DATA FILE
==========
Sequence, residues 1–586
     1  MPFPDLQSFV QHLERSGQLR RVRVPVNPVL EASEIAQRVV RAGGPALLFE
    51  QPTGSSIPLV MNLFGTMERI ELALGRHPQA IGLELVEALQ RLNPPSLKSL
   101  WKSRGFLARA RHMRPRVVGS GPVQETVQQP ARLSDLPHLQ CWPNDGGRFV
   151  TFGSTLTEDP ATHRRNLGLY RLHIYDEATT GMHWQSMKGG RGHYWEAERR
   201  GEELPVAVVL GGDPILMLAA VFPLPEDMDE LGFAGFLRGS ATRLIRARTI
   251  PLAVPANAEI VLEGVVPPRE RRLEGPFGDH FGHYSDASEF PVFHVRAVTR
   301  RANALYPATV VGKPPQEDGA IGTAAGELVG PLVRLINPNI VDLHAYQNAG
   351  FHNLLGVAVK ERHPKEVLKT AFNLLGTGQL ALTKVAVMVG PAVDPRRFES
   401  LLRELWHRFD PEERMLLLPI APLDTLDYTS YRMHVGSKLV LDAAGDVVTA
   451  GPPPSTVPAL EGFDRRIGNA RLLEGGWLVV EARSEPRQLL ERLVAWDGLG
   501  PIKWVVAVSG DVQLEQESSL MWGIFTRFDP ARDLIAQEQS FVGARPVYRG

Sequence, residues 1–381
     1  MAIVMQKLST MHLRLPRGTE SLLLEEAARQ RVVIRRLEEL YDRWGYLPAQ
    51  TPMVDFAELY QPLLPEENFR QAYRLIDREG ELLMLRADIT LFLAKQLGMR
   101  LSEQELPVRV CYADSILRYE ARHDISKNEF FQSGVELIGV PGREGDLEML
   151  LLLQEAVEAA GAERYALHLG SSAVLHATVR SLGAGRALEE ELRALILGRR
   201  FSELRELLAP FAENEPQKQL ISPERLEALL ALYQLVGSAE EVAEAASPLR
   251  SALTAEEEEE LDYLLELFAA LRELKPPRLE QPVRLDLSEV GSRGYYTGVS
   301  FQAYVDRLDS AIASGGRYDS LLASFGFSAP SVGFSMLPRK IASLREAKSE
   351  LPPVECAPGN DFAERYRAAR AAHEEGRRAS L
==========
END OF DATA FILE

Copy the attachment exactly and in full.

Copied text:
Sequence, residues 1–586
     1  MPFPDLQSFV QHLERSGQLR RVRVPVNPVL EASEIAQRVV RAGGPALLFE
    51  QPTGSSIPLV MNLFGTMERI ELALGRHPQA IGLELVEALQ RLNPPSLKSL
   101  WKSRGFLARA RHMRPRVVGS GPVQETVQQP ARLSDLPHLQ CWPNDGGRFV
   151  TFGSTLTEDP ATHRRNLGLY RLHIYDEATT GMHWQSMKGG RGHYWEAERR
   201  GEELPVAVVL GGDPILMLAA VFPLPEDMDE LGFAGFLRGS ATRLIRARTI
   251  PLAVPANAEI VLEGVVPPRE RRLEGPFGDH FGHYSDASEF PVFHVRAVTR
   301  RANALYPATV VGKPPQEDGA IGTAAGELVG PLVRLINPNI VDLHAYQNAG
   351  FHNLLGVAVK ERHPKEVLKT AFNLLGTGQL ALTKVAVMVG PAVDPRRFES
   401  LLRELWHRFD PEERMLLLPI APLDTLDYTS YRMHVGSKLV LDAAGDVVTA
   451  GPPPSTVPAL EGFDRRIGNA RLLEGGWLVV EARSEPRQLL ERLVAWDGLG
   501  PIKWVVAVSG DVQLEQESSL MWGIFTRFDP ARDLIAQEQS FVGARPVYRG

Sequence, residues 1–381
     1  MAIVMQKLST MHLRLPRGTE SLLLEEAARQ RVVIRRLEEL YDRWGYLPAQ
    51  TPMVDFAELY QPLLPEENFR QAYRLIDREG ELLMLRADIT LFLAKQLGMR
   101  LSEQELPVRV CYADSILRYE ARHDISKNEF FQSGVELIGV PGREGDLEML
   151  LLLQEAVEAA GAERYALHLG SSAVLHATVR SLGAGRALEE ELRALILGRR
   201  FSELRELLAP FAENEPQKQL ISPERLEALL ALYQLVGSAE EVAEAASPLR
   251  SALTAEEEEE LDYLLELFAA LRELKPPRLE QPVRLDLSEV GSRGYYTGVS
   301  FQAYVDRLDS AIASGGRYDS LLASFGFSAP SVGFSMLPRK IASLREAKSE
   351  LPPVECAPGN DFAERYRAAR AAHEEGRRAS L